Auto dust collection when tool starts


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I have a new wet/dry vac that allows me to plug in my power tool and the vac will start when I power up the tool. Sweet.

I am now building a woodworking work bench with many of my power tools built into the bench (table saw, router, jigsaw, etc...). I want to have a power strip into which all of the power tools will be plugged in and I want to build my old shop vac (one without the auto start feature) into the work bench for centralize dust collection. I'm trying to figure out how to get it so that if I power up one of my built-in tools my shop vac will also start and then when I turn the tool off it, the shop vac will also turn off.

I guess the main problem for me is I'm not sure what this is called. Is it an automated switch or a trigger switch or what? Also I'm in Europe just to complicate things. I'm not averse to building the device myself if there isn't too much voodoo involved (like a raspberry pi).

Cheers,
 
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Your new vac must have some device in it that detects current flowing when power is taken by the plugged in power tool then presumably runs for a certain amount of time after the power tool is turned off - a bit like a bathroom fan with a timer. I have a large Bosch wet and dry vac that does the same thing. The current detector could be all manner of things but probably a PCB with maybe a current transformer, maybe a relay and a timer. I do a fair amount of electronics - voodoo - and could knock something up if I thought it worthwhile. It would end up as a box of tricks with the shop vac powered from it and one or more current sensors. The timer is easy and there are modues available to do that - sometimes described as run-on timers. The current sensor is trickier, but not impossible. Are you having individual nozzles at each tool? Axminster Power Tools used to do an extraction system but pricey. Maybe another approach might be to use a cheap radio controlled switch at each workstation. Europe shouldn't make a difference and Raspberry Pi would be overkill. However, my approach might be to use a microcontroller like an Arduino. There are chips that detect voltages - HCPL3760 comes to mind - but it could be over-complicated. Current sensors generally work on one of the phases or the neutral so you would need to access the wiring. The easiest way would be to make up a block to plug the tools in and get at the wiring in the block. Yes, it's doable, but...........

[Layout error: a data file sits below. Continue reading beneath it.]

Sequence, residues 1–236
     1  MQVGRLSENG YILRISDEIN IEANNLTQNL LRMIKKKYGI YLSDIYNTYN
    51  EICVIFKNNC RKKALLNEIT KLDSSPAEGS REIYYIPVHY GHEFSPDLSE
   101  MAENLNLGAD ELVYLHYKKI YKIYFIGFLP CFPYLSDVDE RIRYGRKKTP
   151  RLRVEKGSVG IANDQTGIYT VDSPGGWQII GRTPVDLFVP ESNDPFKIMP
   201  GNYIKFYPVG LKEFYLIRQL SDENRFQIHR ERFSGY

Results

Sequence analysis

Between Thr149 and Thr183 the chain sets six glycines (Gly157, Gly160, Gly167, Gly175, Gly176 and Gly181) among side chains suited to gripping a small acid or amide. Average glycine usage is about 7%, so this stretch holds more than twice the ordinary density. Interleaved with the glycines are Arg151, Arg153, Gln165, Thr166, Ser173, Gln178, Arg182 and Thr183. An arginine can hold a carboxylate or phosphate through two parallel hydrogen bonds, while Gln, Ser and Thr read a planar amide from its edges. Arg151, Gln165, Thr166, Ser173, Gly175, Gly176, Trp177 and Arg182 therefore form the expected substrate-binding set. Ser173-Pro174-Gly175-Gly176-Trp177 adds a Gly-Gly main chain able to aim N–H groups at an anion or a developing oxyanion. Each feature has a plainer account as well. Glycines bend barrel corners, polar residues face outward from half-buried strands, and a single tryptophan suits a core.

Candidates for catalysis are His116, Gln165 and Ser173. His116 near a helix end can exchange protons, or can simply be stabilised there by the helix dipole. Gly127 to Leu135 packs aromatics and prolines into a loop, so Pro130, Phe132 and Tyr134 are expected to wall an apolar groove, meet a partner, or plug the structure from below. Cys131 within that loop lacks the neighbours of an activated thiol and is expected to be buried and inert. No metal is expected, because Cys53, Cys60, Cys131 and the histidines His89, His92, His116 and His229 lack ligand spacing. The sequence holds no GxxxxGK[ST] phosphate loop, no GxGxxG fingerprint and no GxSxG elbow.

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Piglet has the right idea.
The current flow being detected is usually passed through a diode array. This consists of a chain of silicon diodes. One diode has a voltage drop of approx 0.6 volts, so if you needed 3 volts for detection, you would need a chain of 5 diodes. Back to back with these you put another set, connected in the opposite direction, so that the alternating current can flow in both directions. If you need a DC voltage for detection, then the back to back set could be just one diode conducting in the opposite direction. (The reason for using diodes, rather than resistors, is to be able to detect very small currents, yet pass much larger ones without a massive voltage drop and heat problem).
Of course you will need a circuit to detect the voltage, but I don't have any details of such.
The diodes should be rated to carry the maximum expected load current. It would also be wise to have their voltage rating at least 350 volts, since if one half of the 'back to back' set should fail 'open-circuit', the others will 'see' mains voltage across them.

The above describes Current detection, so only one sensing circuit will monitor each tool as it is powered up. It could be simpler to have a mains relay to detect Voltage on each tool, but this would have to be downstream of the switch(es) controlling power to the tools, with any further switches (eg on the tools themselves) left in the On position.
Or perhaps simply use double pole switches, the second pole powering up the vac!!

I hope this has helped.
 
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Another time waster. Two people help the original asker out and then silence. Blacklisted.
 

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